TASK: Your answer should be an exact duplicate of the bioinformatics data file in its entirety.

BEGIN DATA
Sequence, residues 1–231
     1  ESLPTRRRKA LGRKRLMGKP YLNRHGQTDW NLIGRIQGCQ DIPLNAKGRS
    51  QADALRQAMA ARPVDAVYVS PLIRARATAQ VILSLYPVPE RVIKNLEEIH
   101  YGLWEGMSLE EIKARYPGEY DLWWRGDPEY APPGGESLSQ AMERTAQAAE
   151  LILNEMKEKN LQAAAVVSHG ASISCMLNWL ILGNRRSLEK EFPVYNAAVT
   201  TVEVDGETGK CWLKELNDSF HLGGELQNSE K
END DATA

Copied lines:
Sequence, residues 1–231
     1  ESLPTRRRKA LGRKRLMGKP YLNRHGQTDW NLIGRIQGCQ DIPLNAKGRS
    51  QADALRQAMA ARPVDAVYVS PLIRARATAQ VILSLYPVPE RVIKNLEEIH
   101  YGLWEGMSLE EIKARYPGEY DLWWRGDPEY APPGGESLSQ AMERTAQAAE
   151  LILNEMKEKN LQAAAVVSHG ASISCMLNWL ILGNRRSLEK EFPVYNAAVT
   201  TVEVDGETGK CWLKELNDSF HLGGELQNSE K